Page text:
I think using chocolate malt and an ounce of hops might be overdoing it for John Smiths, as there's really not much roastiness or bitterness there. [To be honest, this is the bit I struggle with - there are dozens of very, very good English beers out there, but here I am helping you take all the flavor out of a beer recipe]. Regardless of the JohnSmithsness of the recipe, though, I wonder if you need to drop the amount of biscuit/victory and up the amount of MO? By way of comparison, this is an English Brown Ale recipe from Jamil's "Brewing Classic Styles":

Jamil's Nutcastle Ale:
9.75 lbs maris otter
0.75 lbs special roast
0.5 lbs victory
0.5 lbs crystal 40
0.25 lbs pale chocolate

1.2 oz Kent Goldings @ 60
0.5 oz Kent Goldings @ 5

Nottingham yeast
OG 1051
FG 1013
13 SRM
26 IBU
5.1% ABV

That is mostly base malt, but it'd still be a tasty brew. Or if you wanted to try a simpler English bitter, I recently made a recipe for Coniston Bluebird. It's pretty simple (and sorry it's in metric ) :

Coniston Bluebird clone:
Maris Otter: 3.25kg
Crystal 120: 250g
Crystal 60: 250g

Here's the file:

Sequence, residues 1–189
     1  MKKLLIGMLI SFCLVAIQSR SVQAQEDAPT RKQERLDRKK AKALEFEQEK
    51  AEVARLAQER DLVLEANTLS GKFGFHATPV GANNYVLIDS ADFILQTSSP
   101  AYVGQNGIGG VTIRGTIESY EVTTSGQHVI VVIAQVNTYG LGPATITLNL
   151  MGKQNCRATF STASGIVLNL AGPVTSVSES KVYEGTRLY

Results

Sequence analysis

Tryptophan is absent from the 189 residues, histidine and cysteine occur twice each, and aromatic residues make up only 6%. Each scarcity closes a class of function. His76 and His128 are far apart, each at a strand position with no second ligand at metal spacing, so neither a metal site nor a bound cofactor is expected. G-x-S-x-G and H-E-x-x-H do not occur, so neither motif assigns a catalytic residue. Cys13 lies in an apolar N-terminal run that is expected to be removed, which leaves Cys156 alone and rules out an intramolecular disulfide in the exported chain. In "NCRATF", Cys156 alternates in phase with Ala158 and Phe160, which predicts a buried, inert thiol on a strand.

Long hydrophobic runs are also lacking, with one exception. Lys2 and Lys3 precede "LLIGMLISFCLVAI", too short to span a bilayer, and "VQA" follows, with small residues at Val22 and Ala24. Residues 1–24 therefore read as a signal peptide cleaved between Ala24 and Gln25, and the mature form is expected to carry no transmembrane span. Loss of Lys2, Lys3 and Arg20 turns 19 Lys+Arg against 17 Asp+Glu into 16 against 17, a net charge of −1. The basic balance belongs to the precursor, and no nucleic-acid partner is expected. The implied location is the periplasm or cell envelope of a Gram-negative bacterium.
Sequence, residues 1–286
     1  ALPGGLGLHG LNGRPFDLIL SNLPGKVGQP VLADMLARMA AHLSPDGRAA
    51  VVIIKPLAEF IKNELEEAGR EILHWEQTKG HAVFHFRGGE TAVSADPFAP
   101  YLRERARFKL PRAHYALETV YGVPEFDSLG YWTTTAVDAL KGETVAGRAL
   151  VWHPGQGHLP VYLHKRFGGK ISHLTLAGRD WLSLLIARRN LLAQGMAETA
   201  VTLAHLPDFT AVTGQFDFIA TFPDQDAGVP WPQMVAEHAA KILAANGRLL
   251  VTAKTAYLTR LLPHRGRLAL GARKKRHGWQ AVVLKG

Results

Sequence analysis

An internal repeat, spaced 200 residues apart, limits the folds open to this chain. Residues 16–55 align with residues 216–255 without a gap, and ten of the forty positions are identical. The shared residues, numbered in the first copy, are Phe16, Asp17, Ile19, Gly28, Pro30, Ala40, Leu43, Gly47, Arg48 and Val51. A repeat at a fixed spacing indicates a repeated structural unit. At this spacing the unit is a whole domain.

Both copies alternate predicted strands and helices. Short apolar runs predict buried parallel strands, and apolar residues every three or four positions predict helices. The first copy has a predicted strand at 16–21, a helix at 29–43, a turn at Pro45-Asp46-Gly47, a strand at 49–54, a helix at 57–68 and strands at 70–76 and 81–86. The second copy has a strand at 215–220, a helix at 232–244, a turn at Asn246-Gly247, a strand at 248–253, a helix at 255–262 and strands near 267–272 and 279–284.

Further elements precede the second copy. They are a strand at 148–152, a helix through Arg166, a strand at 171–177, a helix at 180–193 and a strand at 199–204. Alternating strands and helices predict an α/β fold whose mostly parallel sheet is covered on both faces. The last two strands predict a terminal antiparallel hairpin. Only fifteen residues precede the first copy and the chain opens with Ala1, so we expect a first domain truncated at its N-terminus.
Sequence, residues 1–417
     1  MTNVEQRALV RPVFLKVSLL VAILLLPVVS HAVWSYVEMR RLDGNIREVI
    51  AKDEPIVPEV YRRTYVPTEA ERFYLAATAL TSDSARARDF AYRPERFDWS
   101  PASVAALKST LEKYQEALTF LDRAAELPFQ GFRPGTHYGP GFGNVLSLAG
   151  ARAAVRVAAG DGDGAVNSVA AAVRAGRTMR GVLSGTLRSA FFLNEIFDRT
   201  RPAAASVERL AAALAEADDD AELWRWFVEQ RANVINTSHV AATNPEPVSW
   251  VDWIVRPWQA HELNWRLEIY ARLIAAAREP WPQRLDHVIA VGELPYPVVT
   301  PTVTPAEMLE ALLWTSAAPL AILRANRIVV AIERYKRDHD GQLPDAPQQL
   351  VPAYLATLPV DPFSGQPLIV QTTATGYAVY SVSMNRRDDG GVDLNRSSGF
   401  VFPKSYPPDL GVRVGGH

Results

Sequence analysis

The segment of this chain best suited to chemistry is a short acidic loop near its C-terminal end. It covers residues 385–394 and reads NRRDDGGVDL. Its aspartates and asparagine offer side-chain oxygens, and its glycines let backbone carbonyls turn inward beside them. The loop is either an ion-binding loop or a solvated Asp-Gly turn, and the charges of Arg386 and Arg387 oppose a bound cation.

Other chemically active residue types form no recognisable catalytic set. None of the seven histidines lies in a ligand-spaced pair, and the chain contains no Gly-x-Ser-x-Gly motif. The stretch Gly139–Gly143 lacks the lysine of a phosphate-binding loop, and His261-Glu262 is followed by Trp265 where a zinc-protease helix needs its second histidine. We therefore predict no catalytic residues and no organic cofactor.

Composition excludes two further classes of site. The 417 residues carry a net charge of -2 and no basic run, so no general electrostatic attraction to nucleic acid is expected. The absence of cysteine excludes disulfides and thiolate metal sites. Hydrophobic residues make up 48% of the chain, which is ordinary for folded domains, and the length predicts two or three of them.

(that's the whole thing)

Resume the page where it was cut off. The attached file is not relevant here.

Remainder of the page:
30g Challenger hops (5.9% a/a) @ 60
30g Challenger hops @ 10
30g Challenger hops @ flame-out

OG: 1040
IBU: 36
Yeast: Safale S-04

I found the recipe posted on various different forums, but I think it's originally from Clone Brews. It turned out really well, anyway, and it beats the crap out of John Smiths. Although so would a nice cup of tea
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Last edited by Danek; 07-29-2008 at 09:47 AM.
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Old 07-29-2008, 10:42 AM   #7
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Danek, thanks for the help. I guess I'll wait until I get back to the UK to have another John Smith's. The Coniston Bluebird recipe looks pretty good. I think I'll try that or some other English bitter instead of John Smith's. Thanks for stopping me before I copped off with an ugly bird! By the way, the couple my girlfriend and I were travelling around the UK with live in Sheffield. It was a fun little city. My only problem with it was that their house only had one bathroom, and it was on the bottom floor!

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Old 07-29-2008, 12:21 PM   #8
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Quote: